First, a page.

Susan S. Brown: James Joyce's American Beauty
Articles » November 2000







Joyce's American Beauty
Joyce's American Beauty.

In the "Nausicaa" chapter of James Joyce's Ulysses, a virginal exhibitionist, Gerty McDowell, flashes her "knickers. . .the wondrous revealment, half-offered like those skirt-dancers" at Leopold Bloom, igniting his sexual fireworks on a beach in Dublin (366). In a film set almost 100 years later in an American suburb, another virginal seductress flips her dance skirt, giving admirers a peek at her panties, and inspires Bloom's modern incarnation, Lester Burnham, into a similar burst of auto-eroticism.

The "metempsychosis" of Leopold Bloom into Lester Burnham isn't the only astonishing similarity between Ulysses and American Beauty. When screenwriter Alan Ball accepted the 2000 Golden Globe and Academy Awards for his screenplay of American Beauty, he owed a substantial debt--albeit universally unnoticed and, as he claimed in a telephone interview, "unintended"--to Joyce's masterpiece, the book chosen just months earlier by the Modern Library editorial board as the "best novel" of the Twentieth Century.

Yes, the ending of American Beauty represents a major departure from the plot of Joyce's novel--but an explicable one in a modern update of the Ulysses saga. Late twentieth-century audiences, who have become desensitized to escalating media violence over the past 100 years and have, in fact, developed an appetite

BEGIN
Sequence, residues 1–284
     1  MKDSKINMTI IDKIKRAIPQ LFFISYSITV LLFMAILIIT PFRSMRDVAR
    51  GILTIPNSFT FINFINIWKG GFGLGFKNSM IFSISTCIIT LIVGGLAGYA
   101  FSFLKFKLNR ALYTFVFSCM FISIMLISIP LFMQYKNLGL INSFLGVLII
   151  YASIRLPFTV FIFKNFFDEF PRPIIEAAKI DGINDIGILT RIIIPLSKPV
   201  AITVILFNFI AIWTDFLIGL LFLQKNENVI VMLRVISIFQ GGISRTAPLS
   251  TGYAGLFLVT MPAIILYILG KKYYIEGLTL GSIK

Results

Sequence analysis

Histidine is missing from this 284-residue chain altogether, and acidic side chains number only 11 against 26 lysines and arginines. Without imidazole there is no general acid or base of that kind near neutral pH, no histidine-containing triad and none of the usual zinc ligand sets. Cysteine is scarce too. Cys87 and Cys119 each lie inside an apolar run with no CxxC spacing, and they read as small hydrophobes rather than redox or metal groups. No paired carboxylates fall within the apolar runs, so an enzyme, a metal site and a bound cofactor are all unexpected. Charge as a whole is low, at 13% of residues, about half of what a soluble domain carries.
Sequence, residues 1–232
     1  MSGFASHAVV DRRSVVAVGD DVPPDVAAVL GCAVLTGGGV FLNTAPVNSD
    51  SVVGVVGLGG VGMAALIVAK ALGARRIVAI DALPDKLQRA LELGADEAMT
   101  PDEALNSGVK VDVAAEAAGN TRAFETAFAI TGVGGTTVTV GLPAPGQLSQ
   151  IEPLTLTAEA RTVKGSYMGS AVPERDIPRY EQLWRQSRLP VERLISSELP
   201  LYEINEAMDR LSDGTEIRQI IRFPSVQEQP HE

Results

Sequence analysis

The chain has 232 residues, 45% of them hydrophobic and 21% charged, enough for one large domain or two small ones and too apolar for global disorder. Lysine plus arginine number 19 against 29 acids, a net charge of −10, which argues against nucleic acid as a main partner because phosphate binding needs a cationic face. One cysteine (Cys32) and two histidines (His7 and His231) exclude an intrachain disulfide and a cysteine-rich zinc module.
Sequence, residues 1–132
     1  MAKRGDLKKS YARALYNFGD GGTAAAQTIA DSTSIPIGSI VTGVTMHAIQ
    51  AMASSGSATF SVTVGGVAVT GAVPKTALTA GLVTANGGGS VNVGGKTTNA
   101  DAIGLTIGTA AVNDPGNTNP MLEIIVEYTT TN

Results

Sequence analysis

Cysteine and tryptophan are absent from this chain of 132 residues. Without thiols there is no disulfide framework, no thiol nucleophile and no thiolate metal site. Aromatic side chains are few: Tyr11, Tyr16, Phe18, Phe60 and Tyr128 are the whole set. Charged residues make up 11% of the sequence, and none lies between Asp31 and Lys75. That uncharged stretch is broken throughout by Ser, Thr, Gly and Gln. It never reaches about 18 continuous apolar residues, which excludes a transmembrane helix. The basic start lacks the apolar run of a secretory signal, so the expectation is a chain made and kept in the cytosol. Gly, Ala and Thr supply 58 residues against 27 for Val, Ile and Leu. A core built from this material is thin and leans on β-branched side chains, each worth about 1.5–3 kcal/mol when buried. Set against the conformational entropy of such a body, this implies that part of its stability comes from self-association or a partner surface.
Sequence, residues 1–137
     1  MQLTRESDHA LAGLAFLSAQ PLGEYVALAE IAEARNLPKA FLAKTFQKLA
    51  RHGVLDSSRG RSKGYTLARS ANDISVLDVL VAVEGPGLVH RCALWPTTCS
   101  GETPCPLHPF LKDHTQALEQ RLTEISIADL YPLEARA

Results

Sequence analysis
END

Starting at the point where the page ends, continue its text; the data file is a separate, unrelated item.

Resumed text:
for gore, require a bloody resolution. Despite the ending, we are left with striking reincarnations of Irish urbanites into suburban American personalities.






We see the Canvasser at work
We see the canvasser at work.
Consider other parallels: heroes Leopold Bloom and Lester Burnham (same initials, LB) are both middle-aged, middle-class, mediocre, unappreciated admen (Lester describes himself as "a whore for the advertising industry"[49], neither of whom has had sex with their wives in years . Ultimately both Bloom and Lester yearn to regain the past unity and warmth of their homes.







We used to be happy.
We used to be happy.
Bloom muses, "I was happier then" and fantasizes he could "somehow reappear reborn" to his marriage bed with wife Molly (728) while Lester tells us, "That's my wife Carolyn. . . . We used to be happy" and vows, "It's never too late to get it back" (2, 5). Both also feel displaced by a growing estrangement from their teenage daughters: Bloom's surviving child, Milly, and Lester's only child, Jane.







Every man his own wife.  A honeymoon in the hand
Every man his own wife. A honeymoon in the hand.
To compensate for their non-existent sex lives, both Leopold and Lester turn first to solo sex in the bath (or in Lester's case, the shower) and both enjoy adulterous, guilty dreams of unorthodox sexual practices, often accompanied by flower imagery. Eventually, our heroes masturbate a second time in response to what Joyce describes in the "Ithaca" chapter of Ulysses as "the eroticism produced by feminine exhibitionism (rite of Onan)" (729).

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Susan Sutliff Brown has published numerous articles and reviews for the Joyce industry and currently serves as Freshman English czar at Manatee Community College in Bradenton, Florida and as a creative writer director at Eckerd College in St. Petersburg, Florida. She has worked as a journalist and as the private editor of published memoirs and fiction. Incidentally, she believes Alan Ball.




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